July 31 Day 26 Columbia Glacier Cruise

Valdez Day 26_3101The skies were again cloudy when we woke, but it didn’t matter because we knew one way or the other we would see something wonderful, even if it rained. Once again I was so grateful for the previous day of sunshine that allowed us to see the stunning landscape around Valdez and Prince William Sound.

Columbia Glacier east armUntil now, when I heard the name Valdez, the first thing that came to mind was the oil spill of the Exxon Valdez in 1989 and the horrendous contamination of Prince William Sound, some of the most pristine waters in the world.  What I didn’t know about Valdez was that the original town was completely destroyed in the great 9.2 earthquake in 1964.  There are three great museums in Valdez, and I didn’t want to miss a chance to visit them, but with Abby looking forward to a day in her crate, Mo decided to stay home while I drove into town to see the museums before we boarded our boat at noon.

a happy pairI hope to write about these museums in a separate post, but for now, the road is calling and I don’t want to miss the chance to describe how it felt to cruise into Prince William Sound to Columbia Glacier.  We decided on the shorter cruise more because of the time rather than the cost, because it was only $30 more to do the 9 hour cruise that also traveled to Meares Glacier. 


As I view this map from Google, I can see that the imagery was taken before that last major retreat of the glacier. Columbia is now in what is called a “catastrophic retreat”.  oil for an oil hungry worldThe glacier waited longer than many and only began that retreat in 1980. In the last few months there has been so much ice released from the glacier that the cruise boats haven’t been able to approach as closely as we managed yesterday.  According to our captain, Andrea, only about 2,000 people have approached Columbia from the water at the 1.2 mile distance we reached since 2007.  A brilliant skipper, she negotiated the icebergs carefully, slipping in quietly to the glacier face.  We were still more than a mile away, but the size of the glacial wall was breath taking.  The front wall from the east arm to the west arm is more than 4 miles. 

Captain Andrea, been doing this for 16 yearsI loved listening to Andrea talk about Columbia like a much loved family elder, respectful, but familiar and knowing.  It was much the same way she spoke about the pod of orcas we found on the way out of Columbia Arm.  This singular pod is now in the process of extinction.  There are 8 individuals with a specific genetic signature, and this family will not mate outside their pod.  The breeding females were lost in the Exxon Valdez oil spill.  Orcas can live to be 80 years old, but the pod will eventually die out.  Andrea has an image of A-2, the large male we saw with two of the females, tattooed on her arm.  She was delighted to see him.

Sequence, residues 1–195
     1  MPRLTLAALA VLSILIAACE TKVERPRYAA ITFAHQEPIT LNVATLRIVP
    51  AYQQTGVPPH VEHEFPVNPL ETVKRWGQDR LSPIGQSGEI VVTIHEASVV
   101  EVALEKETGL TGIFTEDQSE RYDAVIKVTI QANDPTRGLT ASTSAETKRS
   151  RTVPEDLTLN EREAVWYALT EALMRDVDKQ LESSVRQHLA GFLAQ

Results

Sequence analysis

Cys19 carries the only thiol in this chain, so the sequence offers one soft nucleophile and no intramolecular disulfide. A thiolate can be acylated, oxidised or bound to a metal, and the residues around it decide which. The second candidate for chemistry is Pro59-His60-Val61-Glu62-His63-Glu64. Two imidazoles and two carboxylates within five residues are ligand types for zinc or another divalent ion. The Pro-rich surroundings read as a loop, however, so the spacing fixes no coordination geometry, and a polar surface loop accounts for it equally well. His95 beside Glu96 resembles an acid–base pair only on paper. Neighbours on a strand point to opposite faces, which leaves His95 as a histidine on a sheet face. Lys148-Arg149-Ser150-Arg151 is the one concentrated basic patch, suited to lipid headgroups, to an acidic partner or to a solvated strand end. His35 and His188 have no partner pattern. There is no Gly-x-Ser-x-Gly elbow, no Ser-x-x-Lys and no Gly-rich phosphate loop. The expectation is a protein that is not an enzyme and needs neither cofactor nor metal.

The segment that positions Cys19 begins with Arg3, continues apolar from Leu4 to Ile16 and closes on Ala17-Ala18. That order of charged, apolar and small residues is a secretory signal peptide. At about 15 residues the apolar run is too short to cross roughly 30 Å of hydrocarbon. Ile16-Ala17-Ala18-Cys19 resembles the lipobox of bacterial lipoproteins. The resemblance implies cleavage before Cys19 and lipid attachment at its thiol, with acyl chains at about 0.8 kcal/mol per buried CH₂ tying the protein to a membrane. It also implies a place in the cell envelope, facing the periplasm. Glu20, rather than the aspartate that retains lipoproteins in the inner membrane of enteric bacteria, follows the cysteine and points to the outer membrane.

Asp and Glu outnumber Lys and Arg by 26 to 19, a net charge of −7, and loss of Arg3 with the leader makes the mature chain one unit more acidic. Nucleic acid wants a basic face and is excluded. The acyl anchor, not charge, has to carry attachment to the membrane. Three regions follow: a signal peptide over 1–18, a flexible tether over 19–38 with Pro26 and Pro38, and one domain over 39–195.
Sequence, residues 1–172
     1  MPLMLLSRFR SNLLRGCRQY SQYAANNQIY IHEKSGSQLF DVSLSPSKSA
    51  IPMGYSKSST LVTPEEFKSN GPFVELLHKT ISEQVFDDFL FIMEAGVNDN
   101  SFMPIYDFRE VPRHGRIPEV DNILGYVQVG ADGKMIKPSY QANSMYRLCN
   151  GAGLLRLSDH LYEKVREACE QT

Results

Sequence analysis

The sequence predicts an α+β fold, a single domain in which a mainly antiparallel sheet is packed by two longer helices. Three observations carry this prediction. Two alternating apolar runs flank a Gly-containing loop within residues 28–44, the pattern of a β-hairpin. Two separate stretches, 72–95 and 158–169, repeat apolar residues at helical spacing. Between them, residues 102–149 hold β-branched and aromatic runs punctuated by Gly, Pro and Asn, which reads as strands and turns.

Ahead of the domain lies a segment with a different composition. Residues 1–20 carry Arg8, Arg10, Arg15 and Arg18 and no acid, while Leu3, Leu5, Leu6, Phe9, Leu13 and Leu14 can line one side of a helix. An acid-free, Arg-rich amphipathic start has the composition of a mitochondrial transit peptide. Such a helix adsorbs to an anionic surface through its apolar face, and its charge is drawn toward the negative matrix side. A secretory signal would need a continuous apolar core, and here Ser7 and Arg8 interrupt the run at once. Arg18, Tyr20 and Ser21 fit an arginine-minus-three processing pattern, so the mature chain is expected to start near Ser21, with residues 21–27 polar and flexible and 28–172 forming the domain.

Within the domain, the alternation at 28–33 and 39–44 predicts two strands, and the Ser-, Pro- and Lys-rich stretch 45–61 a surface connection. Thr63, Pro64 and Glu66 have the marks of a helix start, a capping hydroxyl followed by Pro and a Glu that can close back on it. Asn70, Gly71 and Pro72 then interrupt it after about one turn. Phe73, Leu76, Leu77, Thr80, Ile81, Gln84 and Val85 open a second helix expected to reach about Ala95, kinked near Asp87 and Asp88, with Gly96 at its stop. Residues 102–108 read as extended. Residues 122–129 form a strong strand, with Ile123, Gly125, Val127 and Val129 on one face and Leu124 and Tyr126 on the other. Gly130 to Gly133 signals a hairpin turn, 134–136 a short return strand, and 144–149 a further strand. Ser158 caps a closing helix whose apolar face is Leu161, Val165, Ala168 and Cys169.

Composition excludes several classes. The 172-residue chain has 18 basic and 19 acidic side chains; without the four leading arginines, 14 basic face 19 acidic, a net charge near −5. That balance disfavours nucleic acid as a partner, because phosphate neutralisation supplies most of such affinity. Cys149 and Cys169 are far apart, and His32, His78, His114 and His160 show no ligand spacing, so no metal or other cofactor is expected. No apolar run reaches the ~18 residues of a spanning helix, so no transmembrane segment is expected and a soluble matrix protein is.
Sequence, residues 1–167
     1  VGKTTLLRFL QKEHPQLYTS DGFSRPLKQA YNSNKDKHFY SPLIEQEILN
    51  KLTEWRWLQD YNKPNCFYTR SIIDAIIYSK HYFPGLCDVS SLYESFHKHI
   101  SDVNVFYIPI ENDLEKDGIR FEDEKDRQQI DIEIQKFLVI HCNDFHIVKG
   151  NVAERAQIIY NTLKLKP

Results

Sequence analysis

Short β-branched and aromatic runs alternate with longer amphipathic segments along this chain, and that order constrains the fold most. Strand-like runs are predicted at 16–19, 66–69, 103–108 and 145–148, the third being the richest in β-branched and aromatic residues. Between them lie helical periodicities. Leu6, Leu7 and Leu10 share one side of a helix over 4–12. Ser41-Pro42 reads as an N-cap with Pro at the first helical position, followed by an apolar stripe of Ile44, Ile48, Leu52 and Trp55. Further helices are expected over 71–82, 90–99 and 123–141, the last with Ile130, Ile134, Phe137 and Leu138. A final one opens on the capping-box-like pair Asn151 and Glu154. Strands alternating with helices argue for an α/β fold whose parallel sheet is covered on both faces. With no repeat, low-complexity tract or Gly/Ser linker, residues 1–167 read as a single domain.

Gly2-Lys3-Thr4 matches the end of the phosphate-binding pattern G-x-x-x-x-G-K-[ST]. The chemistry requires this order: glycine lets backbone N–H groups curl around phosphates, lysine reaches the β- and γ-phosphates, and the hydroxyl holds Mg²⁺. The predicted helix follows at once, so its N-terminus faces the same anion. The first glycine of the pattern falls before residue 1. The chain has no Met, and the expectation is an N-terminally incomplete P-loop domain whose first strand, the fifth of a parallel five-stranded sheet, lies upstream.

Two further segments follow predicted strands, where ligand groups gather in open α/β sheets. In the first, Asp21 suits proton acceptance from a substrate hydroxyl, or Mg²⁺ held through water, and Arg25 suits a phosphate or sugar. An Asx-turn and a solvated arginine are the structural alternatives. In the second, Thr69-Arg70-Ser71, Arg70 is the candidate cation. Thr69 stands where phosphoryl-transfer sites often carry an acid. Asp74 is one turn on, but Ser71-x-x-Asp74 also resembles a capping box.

Orcas are actually large dolphinsWe saw no humpbacks today, so my only humpback viewing has been from the beaches of Oregon. But we did see rafts of sea otters playing on the icebergs.  I fell in love, they look like big cuddly teddy bears with the most precious faces, on a par with baby seals or a newborn horse.

he said the icebergs are more blue when it's cloudyThe fresh-faced young man working his first summer for the Stephens family told us we were lucky to have a cloudy day since the icebergs only show their bluest color in the overcast.  I didn’t enhance or alter the color of any of these photos by the way, the bergs were exactly that blue.  I’m so glad that the camera captured it.

Valdez Day 26_3144I enjoyed visiting with Stan Stephen’s wife, Mary Helen, who was working on the cruise.  She laughingly told me that she now works for her daughter who runs the business.  Here is a link to the very interesting history of the now 100% Alaskan owned and operated family business.  Mary Helen also laughed when I asked if she might ever retire.  She said that her sister thinks she should, but she loves sharing the unique beauty of Prince William Sound with people like us.  Also, like many of us,  two of her three daughters have scattered, one to Minnesota and one to Seattle.